Construction projects near terminals on the US West Coast (USWC) could lead to significant congestion if ultra large container vessels (ULCVs) are introduced before their completion, a weekly report by Drewry has claimed.
Road closures caused by work to replace the Gerald Desmond Bridge are affecting traffic flows to and from California’s Terminal Island and will continue to do so until its completion next year.
Meanwhile work on the $1.3bn Middle Harbour Terminal Redevelopment Project, which will convert two existing terminals into fully automated facilities, continues in Long Beach.
According to Drewry, April’s alliance restructuring, which reduced the number of services in the Asia-USWC lane by one to 37, could exacerbate congestion as more cargo is now squeezed onto fewer weekly services.
Additionally, since the start of 2017 the number of monthly 13,000+ teu container ships arriving at USWC rose from 21 to 36 monthly, which will test the terminals in the peak season summer months, the report noted.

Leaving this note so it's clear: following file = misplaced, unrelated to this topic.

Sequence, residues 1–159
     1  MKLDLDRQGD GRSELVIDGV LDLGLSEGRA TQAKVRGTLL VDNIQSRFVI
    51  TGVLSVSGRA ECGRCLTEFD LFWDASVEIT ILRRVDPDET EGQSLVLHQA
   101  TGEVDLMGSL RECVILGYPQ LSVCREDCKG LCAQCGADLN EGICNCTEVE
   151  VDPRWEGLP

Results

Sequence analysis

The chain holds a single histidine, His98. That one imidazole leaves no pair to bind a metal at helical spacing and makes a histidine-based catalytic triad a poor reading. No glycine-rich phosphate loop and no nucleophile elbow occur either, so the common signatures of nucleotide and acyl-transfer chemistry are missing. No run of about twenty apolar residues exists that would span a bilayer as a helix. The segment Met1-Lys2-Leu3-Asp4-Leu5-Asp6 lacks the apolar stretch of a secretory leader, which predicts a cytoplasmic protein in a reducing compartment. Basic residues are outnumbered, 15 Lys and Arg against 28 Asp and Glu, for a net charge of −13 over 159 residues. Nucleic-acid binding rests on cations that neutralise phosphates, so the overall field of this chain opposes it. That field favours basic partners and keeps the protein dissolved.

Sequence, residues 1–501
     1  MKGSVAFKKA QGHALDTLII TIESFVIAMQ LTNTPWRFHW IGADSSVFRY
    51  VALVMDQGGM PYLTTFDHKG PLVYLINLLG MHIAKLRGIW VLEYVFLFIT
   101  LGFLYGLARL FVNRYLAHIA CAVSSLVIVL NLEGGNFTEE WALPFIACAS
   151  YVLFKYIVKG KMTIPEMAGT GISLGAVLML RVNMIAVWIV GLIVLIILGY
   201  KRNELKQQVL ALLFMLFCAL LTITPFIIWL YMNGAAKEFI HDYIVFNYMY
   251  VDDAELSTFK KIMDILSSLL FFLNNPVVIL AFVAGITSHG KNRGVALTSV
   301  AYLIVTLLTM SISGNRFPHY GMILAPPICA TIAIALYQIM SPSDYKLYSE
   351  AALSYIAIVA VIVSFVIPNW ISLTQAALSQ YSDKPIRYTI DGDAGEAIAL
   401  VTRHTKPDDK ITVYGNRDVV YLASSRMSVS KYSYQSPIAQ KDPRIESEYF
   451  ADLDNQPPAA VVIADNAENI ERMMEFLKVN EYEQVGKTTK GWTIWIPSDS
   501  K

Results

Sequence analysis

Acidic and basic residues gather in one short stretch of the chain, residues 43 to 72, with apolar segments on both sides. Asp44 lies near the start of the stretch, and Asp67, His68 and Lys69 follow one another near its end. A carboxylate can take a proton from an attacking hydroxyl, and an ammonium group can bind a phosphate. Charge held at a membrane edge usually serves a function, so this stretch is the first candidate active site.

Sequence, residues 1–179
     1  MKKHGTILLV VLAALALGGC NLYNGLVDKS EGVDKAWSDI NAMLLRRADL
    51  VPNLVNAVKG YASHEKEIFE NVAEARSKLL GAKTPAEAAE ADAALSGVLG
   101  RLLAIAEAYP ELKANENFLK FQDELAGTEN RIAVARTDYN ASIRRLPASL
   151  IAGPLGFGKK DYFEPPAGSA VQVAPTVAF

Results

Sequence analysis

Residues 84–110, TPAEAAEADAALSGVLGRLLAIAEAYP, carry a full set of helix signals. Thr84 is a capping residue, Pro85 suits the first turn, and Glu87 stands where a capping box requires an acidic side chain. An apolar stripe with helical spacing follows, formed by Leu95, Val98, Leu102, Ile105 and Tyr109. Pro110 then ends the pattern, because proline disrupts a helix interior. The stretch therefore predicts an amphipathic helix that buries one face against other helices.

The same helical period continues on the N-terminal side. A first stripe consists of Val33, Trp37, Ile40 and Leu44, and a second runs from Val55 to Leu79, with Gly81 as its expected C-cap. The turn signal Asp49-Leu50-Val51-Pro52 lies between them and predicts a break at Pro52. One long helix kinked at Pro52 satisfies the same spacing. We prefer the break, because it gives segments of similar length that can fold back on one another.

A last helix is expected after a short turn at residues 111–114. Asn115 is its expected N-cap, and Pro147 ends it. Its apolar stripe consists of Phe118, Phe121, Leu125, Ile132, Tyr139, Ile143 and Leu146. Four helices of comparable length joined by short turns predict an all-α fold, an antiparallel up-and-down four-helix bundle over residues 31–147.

The Harbor Trucking Association (HTA) recorded that the average turnaround time across the 14 Los Angeles-Long Beach terminals in April was 80 minutes, faster than January (88 mins) and February (89 mins), which suggests the reshuffle has not disrupted operations significantly thus far.
However, automated terminals recorded much quicker average visits, such as Long Beach Container Terminal E that logged an average visit time of 41 minutes.
According to Drewry, while HTA recorded no significant disruption caused by the works, welcoming bigger ships and thus more intense terminal activity could risk future congestion, and importers would be wise to wait until the construction work is over before considering using ULCVs.